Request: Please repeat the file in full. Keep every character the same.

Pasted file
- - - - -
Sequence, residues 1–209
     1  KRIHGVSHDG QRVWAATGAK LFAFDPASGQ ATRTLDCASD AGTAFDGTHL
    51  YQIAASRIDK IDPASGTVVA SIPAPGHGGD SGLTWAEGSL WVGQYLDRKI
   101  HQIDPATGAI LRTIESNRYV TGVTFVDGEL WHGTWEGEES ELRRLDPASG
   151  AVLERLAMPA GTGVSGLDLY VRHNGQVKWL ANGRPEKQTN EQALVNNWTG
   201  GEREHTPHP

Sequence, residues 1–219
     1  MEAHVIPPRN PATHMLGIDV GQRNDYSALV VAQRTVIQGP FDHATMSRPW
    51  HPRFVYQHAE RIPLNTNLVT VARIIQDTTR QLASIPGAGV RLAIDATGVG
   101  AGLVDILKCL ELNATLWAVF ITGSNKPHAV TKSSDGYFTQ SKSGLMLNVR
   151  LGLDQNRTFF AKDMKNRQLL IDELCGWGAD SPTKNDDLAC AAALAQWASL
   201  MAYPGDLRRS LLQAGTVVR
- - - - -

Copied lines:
Sequence, residues 1–209
     1  KRIHGVSHDG QRVWAATGAK LFAFDPASGQ ATRTLDCASD AGTAFDGTHL
    51  YQIAASRIDK IDPASGTVVA SIPAPGHGGD SGLTWAEGSL WVGQYLDRKI
   101  HQIDPATGAI LRTIESNRYV TGVTFVDGEL WHGTWEGEES ELRRLDPASG
   151  AVLERLAMPA GTGVSGLDLY VRHNGQVKWL ANGRPEKQTN EQALVNNWTG
   201  GEREHTPHP

Sequence, residues 1–219
     1  MEAHVIPPRN PATHMLGIDV GQRNDYSALV VAQRTVIQGP FDHATMSRPW
    51  HPRFVYQHAE RIPLNTNLVT VARIIQDTTR QLASIPGAGV RLAIDATGVG
   101  AGLVDILKCL ELNATLWAVF ITGSNKPHAV TKSSDGYFTQ SKSGLMLNVR
   151  LGLDQNRTFF AKDMKNRQLL IDELCGWGAD SPTKNDDLAC AAALAQWASL
   201  MAYPGDLRRS LLQAGTVVR